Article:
3. Battery (and battery connections). Don’t know why winter is so hard on batteries? Read our recent blog post, and have your battery tested by a mechanic. An experienced mechanic can also inspect your battery connections and clean off any corrosion or rust.
  4. Headlights. You need to be able to see the road, right? Headlights are inexpensive and essential for every Wisconsin driver.
  5. Windshield wipers. Don’t make Grandma worry about you because you went into the ditch due to poor visibility. Windshield wipers make a big difference when you need to clean off all the snow piling up on your windshield.

As long as you have your car in the shop, have your mechanic also check your fluid levels and radiator fluid. You’ll need a full tank of windshield washer so you can have a clean windshield on your trip. And with the freezing temperatures, you don’t want a radiator full of water to freeze and causes an expensive repair.

Don’t procrastinate about getting your car into the shop for a winter tune up. Make an appointment as soon as possible. Wisconsin auto repair shops are busy this time of year, preparing cars for upcoming holiday travel and winter driving. Your car appreciates the check-up, and your family will appreciate not worrying about whether your car can make the holiday drive.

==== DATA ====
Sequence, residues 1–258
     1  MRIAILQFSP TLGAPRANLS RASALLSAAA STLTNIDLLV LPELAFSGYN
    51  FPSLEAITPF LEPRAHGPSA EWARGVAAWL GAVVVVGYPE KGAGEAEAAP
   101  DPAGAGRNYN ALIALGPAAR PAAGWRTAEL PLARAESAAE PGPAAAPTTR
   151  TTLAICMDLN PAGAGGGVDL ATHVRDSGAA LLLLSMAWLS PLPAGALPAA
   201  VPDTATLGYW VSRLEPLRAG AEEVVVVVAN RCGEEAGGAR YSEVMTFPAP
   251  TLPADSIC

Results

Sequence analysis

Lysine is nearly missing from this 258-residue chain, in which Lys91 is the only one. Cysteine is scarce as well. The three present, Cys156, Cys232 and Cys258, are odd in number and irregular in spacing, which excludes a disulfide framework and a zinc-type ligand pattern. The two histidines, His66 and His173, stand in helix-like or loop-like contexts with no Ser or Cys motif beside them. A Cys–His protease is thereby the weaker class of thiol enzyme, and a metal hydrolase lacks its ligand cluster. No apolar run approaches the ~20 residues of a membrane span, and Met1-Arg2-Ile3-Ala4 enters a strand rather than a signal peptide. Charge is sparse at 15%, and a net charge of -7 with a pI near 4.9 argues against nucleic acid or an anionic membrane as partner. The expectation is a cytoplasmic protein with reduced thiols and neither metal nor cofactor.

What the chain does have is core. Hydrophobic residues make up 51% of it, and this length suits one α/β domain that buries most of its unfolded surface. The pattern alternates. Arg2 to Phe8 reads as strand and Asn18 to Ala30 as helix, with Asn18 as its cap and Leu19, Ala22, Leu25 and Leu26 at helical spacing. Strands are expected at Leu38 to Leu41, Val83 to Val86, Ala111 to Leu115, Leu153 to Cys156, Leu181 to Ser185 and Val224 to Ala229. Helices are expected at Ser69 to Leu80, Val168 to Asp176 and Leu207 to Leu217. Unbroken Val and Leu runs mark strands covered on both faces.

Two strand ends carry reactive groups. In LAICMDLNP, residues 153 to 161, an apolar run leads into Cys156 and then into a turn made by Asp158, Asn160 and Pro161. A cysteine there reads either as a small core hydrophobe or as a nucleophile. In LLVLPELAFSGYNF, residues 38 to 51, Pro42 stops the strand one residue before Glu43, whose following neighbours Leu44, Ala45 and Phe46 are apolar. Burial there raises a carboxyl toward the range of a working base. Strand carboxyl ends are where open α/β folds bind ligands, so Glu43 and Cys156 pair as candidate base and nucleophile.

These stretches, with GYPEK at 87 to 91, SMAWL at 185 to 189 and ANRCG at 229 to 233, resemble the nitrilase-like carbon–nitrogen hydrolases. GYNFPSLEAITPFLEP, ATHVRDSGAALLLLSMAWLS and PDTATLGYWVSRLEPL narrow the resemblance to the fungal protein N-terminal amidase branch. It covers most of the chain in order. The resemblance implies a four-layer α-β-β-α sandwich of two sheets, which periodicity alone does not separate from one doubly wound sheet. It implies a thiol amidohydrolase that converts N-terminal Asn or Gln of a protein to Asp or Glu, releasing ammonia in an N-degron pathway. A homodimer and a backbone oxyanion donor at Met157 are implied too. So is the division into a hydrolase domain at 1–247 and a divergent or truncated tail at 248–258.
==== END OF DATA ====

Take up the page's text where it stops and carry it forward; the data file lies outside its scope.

How to Select the Right Tires for your Car (Simplified!)

michelin_tires_watertown_tire_shopOverwhelming. At least it feels like it when faced with all the different kinds of tires available for your car. Don’t panic. Selecting the right tires for your car is easier than you think. Just start with a few questions and research to find the tire that is a good fit, and a good value. You don’t have to blow your budget to get the right tires for your car, but you do have to know the answers to a few simple questions:

What do I want from my tires?

What do you need your tires for? A muscle car you only take out in the summer? A minivan that needs to get the kids back and forth to school? A comfortable and a great ride when you want to take a drive?

If you need cars for your muscle car, look for tires with a higher speed rating. For day-to-day use, you do not need tires with a higher speed rating, but you do need tires that can provide a nice, quiet ride and maintains safe tread depth. Do your research, and be honest with yourself—and the experts you consult—about your driving style. If you have to venture out in the worst winter conditions, select a tire with a proven record on winter roads.